PsA and Relationships

Psoriatic arthritis (PsA) is a chronic and inflammatory arthritis, often occurring in people with psoriasis. Estimates show that 15-30% of people with psoriasis have PsA.¹

Some of the main symptoms experienced by those with PsA include significant pain, nail changes, fatigue, morning stiffness, impaired sleep, impaired physical function, and severe itch.¹ Those experiencing skin psoriasis are further burdened by psychological distress due to negative body image, poor self-esteem, anxiety, and depression.¹ 

The symptoms experienced by those living with PsA can interfere with all aspects of their lives, such as family relationships, relationships with friends, and romantic relationships, including sexual intimacy.

What are the physical effects of psoriatic arthritis on intimacy and relationships?

It is easy to understand why PsA may influence the physical relationships of those living with the condition. When physical symptoms like pain and extreme fatigue are combined with emotional symptoms like depression, anxiety, and poor body image, it is not surprising that intimacy can be affected. If you have ever found yourself feeling guilty or blaming yourself for how your PsA affects your physical relationship with your partner, take a step back! Remember to be kind to yourself and reframe your thoughts. These are experiences shared by many individuals with chronic illnesses, including PsA. Having a positive outlook can go a long way in bringing forth self-acceptance.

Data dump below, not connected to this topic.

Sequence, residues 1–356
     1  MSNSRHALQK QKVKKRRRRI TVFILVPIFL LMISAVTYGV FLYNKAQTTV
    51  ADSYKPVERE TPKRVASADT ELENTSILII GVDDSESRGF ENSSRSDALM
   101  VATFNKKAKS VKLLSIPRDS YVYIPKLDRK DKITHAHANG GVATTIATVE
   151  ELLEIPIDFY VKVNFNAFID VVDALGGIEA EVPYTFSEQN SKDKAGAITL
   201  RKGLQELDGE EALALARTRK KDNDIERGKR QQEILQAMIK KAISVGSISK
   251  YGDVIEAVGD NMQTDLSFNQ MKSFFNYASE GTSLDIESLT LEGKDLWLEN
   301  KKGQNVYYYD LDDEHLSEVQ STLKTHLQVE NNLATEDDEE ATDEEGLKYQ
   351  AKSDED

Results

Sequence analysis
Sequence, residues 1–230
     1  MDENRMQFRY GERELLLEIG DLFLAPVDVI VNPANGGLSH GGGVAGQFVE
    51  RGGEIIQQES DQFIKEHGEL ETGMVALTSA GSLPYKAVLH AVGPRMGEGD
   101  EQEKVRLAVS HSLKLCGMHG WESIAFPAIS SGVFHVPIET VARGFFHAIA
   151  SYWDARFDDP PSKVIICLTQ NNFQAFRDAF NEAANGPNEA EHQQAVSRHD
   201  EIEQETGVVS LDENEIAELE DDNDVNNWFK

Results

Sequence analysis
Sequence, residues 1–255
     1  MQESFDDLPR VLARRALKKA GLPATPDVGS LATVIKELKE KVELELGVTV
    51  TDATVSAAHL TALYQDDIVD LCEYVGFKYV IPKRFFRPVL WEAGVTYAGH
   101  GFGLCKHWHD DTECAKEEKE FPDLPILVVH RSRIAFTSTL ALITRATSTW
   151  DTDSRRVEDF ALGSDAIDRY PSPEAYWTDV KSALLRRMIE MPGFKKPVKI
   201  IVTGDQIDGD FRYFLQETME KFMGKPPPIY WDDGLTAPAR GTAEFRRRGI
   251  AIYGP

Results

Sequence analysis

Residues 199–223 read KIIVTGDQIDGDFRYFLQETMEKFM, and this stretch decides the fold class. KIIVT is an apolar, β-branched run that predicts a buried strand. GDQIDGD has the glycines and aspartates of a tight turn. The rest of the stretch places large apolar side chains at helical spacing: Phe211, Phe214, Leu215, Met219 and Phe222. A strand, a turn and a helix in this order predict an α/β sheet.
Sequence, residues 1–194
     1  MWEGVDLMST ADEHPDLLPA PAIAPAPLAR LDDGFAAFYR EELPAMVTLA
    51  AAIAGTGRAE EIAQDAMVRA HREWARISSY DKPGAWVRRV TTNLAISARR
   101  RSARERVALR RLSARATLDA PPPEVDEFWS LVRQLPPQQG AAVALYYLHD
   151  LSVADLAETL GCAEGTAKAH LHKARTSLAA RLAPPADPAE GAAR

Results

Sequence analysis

People have reported refraining from being intimate with their partners due to the physical pain associated with the joint manifestations and mental impact of their PsA.²,³ This is especially true for those living with PsA and psoriasis.3 They experience additional physical and visible symptoms such as itchy, scaly skin. These individuals report impaired sexual experience during sexual activity, worsening of symptoms after sexual activity, decreased frequency of sexual activity, avoidance of sexual relationships, and reduced sexual desire.4 In fact, recent studies found that men and women with PsA were more likely to experience sexual dysfunction.5,6

Despite how common these experiences are for people with PsA, many can feel unsupported by their healthcare professionals. As many as 43% of people with psoriasis and PsA feel that their clinicians' efforts to address sexual health are insufficient.4 If you experience this, make sure to bring up the conversation with your healthcare team to explore how they can support you.